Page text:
You’ve probably read about this unprecedented visitor from inter-stellar space.  I thought you’d like to see its trajectory through our solar system.

Oumuamua space diagram

(Enlarge as much as you can.)

My diagram shows the paths of the four inner planets in October, November, and December of 2017.  The path of Oumuamua is shown from August onward, in magenta before its 2017 Oct. 19 discovery, and then in yellow.  Stalks connect it to the ecliptic plane at the beginning of each month.

It arrived from the north, at an angle of about 33° (its “inclination” of 123°, or 90°+33°, means that the direction is retrograde – opposite to the general motion of the planets).  As with all travelers on huge orbits, like long-period comets, only the innermost, shortest, speediest part of the orbit is on the other side of the plane.

It descended through the plane on Aug. 24, inside the orbit of Mercury; was at perihelion (closest point to the Sun) on Aug. 30.  If you look closely you can see a sunward tick at that point.  It ascended back through the plane on Oct. 13, well outside Earth’s orbit.

It was nearest to Earth (0.276 a.u.) on Oct. 8.  A green line connects it to Earth at the nearest moment, which was some days before the discovery.

The view is from 15° north of the ecliptic plane, from a longitude of 350°, and from a distance of 6 astronomical units (Sun-Earth distances).  The planets are exaggerated 500 times in size, the Sun 5 times.  The dashed line shows the vernal equinox direction (the zero point for sky mapping).

That’s enough for now.  It was easier than I expected to find orbital elements and make them work, but I’ve had to spend more than half the day (the day before Christmas).  There is of course more to be said about this 250-yard-long hurtling red rock that has been given the Hawai’ian name ‘Oumuamua, and I expect I” say may some of it tomorrow or the day after.


20 thoughts on “Oumuamua”

  1. Most likely this is just a rock. On the off-chance this is discarded deceleration booster, is anyone looking back along the trajectory?

    The payload would arrive after booster.

    1. I doubt it. Even entertaining the fanciful possibility that it was a deceleration booster, the payload itself is likely just as small. The only reason we were able to spot 1I/Oumuamua is that it passed very close to Earth, and Earth has moved on in its orbit since then. If the payload is following the same path, it’s going to be quite a way away from Earth and not likely to be detectable.

  2. Can anyone generate an image that doesn’t look like the ship is accelerating? The perspective is grossly misleading on every graphic.
    It looks like the center of mass is between mercury and earth.

    1. The asteroid is accelerating. The Sun pulls it, speeding it up on the way in, and slowing it down on the way out. Some perspectives make it seem like the outward-bound journey is faster than the inward-bound. Think of a car approaching you at 40 mph, then making a sharp right turn and traveling tangential to you at 40 mph. No change in speed, but it sure seems like it sped up.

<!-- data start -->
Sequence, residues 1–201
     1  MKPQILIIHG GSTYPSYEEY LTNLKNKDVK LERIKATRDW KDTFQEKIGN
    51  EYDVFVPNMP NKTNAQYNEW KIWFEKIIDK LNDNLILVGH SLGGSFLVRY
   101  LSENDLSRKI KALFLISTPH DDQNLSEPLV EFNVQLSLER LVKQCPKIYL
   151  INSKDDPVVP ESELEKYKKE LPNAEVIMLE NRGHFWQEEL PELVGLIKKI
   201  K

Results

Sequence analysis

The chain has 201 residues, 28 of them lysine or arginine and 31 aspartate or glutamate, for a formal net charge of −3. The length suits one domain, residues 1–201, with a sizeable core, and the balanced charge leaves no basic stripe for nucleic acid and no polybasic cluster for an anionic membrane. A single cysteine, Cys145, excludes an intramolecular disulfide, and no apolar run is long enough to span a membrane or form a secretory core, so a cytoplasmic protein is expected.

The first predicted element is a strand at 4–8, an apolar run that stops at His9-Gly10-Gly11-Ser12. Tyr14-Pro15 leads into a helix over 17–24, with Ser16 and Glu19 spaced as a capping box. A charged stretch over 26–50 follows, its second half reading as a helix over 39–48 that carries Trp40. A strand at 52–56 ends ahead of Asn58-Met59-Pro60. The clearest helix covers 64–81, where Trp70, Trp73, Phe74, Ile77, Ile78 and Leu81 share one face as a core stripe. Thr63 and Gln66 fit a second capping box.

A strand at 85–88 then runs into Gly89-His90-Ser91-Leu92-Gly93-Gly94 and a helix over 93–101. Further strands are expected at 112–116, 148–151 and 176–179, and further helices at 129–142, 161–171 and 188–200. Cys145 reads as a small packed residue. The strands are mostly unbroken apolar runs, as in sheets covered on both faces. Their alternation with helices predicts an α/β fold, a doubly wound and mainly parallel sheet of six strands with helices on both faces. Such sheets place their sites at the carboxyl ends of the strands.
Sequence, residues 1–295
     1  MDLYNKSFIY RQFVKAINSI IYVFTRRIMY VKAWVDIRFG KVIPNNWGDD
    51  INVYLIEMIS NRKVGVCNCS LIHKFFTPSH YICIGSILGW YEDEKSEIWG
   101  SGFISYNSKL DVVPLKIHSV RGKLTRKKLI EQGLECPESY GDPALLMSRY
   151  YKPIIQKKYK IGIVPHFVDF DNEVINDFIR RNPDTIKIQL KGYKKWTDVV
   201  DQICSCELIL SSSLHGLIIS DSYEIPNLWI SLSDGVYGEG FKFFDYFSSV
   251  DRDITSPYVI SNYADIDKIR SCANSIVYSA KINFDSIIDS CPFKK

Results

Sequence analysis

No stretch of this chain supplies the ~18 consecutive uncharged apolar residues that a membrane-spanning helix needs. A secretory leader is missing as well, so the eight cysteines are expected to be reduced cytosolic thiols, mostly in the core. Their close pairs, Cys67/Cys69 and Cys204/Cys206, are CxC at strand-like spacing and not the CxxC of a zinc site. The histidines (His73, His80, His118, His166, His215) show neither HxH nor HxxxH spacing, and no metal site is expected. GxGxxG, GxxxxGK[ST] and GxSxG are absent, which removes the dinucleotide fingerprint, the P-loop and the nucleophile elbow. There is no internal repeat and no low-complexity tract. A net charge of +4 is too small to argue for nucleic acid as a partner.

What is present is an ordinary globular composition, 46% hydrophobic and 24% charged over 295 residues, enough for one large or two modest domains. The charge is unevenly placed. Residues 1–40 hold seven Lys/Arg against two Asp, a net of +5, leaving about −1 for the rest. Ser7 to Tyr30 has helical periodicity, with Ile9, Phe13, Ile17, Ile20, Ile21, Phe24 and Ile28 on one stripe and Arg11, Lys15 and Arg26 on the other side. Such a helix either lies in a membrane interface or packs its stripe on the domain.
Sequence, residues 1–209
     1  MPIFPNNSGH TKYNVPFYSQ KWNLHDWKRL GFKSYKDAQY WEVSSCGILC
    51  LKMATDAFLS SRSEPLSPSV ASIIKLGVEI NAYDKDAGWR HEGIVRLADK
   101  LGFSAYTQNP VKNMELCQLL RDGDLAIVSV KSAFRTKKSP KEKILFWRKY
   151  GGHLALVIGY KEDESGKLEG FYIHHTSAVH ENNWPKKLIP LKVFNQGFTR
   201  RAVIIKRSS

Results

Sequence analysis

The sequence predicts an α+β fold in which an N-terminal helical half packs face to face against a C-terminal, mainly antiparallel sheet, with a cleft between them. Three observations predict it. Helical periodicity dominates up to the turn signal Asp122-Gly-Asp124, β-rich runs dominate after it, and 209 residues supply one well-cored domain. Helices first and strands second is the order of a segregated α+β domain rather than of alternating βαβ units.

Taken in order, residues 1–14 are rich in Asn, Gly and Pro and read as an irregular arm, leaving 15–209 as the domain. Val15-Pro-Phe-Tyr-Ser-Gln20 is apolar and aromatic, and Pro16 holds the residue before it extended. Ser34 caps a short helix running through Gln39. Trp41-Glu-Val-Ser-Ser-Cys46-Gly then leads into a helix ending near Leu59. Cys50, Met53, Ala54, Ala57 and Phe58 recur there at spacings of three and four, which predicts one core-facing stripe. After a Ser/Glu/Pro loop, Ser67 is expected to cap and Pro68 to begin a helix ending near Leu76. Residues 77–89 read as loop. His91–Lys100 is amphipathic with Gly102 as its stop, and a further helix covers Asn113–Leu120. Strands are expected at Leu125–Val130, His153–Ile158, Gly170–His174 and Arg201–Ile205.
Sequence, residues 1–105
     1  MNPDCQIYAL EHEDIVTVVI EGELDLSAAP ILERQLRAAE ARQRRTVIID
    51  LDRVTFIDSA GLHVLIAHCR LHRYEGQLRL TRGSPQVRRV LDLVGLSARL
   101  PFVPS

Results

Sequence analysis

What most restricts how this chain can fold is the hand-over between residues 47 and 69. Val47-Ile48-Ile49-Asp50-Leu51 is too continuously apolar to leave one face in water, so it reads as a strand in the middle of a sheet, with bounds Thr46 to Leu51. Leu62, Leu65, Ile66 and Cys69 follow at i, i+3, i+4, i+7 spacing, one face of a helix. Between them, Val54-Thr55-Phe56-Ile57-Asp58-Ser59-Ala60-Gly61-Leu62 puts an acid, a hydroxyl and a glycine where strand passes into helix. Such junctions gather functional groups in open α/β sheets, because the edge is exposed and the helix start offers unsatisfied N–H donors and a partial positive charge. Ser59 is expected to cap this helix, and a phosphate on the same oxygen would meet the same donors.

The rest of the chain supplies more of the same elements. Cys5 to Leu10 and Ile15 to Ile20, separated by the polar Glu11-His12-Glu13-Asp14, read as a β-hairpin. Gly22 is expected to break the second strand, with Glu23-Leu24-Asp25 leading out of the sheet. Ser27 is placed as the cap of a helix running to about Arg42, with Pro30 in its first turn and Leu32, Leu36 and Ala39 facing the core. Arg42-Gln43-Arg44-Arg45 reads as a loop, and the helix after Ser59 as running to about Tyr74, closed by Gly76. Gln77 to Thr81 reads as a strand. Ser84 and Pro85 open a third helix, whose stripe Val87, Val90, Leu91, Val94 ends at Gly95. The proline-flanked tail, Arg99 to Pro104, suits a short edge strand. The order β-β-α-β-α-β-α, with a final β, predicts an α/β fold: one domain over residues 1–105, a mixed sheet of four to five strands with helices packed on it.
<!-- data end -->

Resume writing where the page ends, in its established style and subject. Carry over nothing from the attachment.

Here is a simulation where you can choose any perspective you like to minimize or maximize this effect:

  3. Sorry Guy,it’s been quite awhile since my last post,”Life and all that !.” but I have managed to keep up with your E-Post.Just wanted to wish you and your good wife a very happy holiday and new year!. Sam

    1. The figures you’ve seen are presumably updated revised by someone, hopefully a professional. Mine just result from the orbital elements I found, which could have been put up earlier.
      When I tried to open the link you gave, I got some message about Sky Broadband blocking it.

  4. I like the name, ‘Oumuamua. According to Kelly Beatty in Sky and Telescope, ‘ou means “to reach out”, and mua means “first”. Repeating mua emphasizes the firstness of this reaching out.

    But I expect that the new object category “I” for “Interstellar” will cause confusion. It looks too much like the number 1. “E” for “Extrasolar” would work just as well.

  5. When I first heard about Oumuamua in late October, I ran the ephemeris in AstroGrav and it came out with the orbit very much like what we see today with better elements. It showed the orbit as strongly hyperbolic. Great software.

  6. One thing just for fun I wondered was some of the other milestones when it crossed say Neptune orbit, close to any famous comets, were it trajectory was from and going to.. It speed though the solar system. just some thoughts

  7. When I first read about Oumuamua I was struck by how closely its dimensions were to an Iowa-class battleship (the battleships are a little bit longer).
    Of course it’s nowhere near the size of Arthur C. Clarke’s “Rama”. That visitor to the solar system was about 20 X 50 km!

    Any reflections Guy on the Equation of Time and the odd interregnum we’re in right now between the earliest sunset and the latest sunrise?

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